In fact, on the Idaho Department of Labor’s website it states that “These items are matters for agreement between the employer and the employee or their authorized representative.”
However, that doesn’t mean that employers don’t have to be aware of Federal laws regarding sick and medical leave under the Family and Medical Leave Act.
Family and Medical Leave Act
Qualifying Idaho employers are still required to provide Family and Medical Leave (FMLA)to employees who also qualify under the Federal law. Employers become qualified when they have at least 50 employees at least 20 weeks of the year.
Employees become eligable when they have worked for the meployer for at least 12 months and have worked at least 1,250 hours in the previous 12 months. In addition, the employee has to work in a location where the employer has at least 50 employees within a 75 mile radius of the employee.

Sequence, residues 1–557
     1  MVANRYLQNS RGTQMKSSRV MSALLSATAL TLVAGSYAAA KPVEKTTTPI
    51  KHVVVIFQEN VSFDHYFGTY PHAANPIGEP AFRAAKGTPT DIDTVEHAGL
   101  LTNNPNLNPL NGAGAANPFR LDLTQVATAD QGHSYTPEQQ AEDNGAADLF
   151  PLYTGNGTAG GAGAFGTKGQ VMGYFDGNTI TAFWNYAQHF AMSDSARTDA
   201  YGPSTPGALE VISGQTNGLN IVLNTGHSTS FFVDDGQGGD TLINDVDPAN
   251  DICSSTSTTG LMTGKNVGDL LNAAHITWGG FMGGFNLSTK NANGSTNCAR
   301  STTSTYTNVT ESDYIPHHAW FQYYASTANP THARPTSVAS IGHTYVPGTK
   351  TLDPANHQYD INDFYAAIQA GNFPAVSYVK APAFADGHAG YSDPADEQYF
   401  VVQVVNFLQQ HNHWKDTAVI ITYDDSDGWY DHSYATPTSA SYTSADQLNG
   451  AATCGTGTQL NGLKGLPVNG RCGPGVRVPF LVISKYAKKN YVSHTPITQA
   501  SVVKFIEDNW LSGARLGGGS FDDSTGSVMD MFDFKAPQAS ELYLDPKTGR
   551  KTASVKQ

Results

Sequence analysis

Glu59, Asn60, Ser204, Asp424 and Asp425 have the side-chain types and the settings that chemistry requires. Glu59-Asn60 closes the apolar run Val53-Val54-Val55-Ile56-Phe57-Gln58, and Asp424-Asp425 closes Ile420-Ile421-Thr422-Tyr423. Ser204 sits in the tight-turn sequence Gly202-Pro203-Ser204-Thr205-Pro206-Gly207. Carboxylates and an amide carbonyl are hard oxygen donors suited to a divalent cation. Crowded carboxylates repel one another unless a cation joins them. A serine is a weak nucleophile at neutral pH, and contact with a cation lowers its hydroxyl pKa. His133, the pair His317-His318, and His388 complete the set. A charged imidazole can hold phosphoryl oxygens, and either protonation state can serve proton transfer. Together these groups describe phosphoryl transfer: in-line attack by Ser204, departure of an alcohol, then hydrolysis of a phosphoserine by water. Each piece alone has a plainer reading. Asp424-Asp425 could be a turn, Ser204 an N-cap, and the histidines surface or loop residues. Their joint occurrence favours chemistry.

Under FMLA, employees can take protected time off work to care for themselves or a family member w ho has a serious or chronic health condition. This could include taking time of to treat asthma, get dialysis, obtain cancer treatment or other chronic health conditions.
In addition, anytime an employee is unable to work for at least 3 days or more and has to be treated by a health care provider are covered under FMLA.
Further, anytime that an employee is treated overnight at the hopsital for an illness or injury would also qualify as FMLA leave.
Its important to note that the employee does not have to specifically request FMLA leave. If the employee gives enough information for the employer to recognize that the leave qualifies for FMLA leave, then the employer is under obligation to recognize and document the leave as FMLA.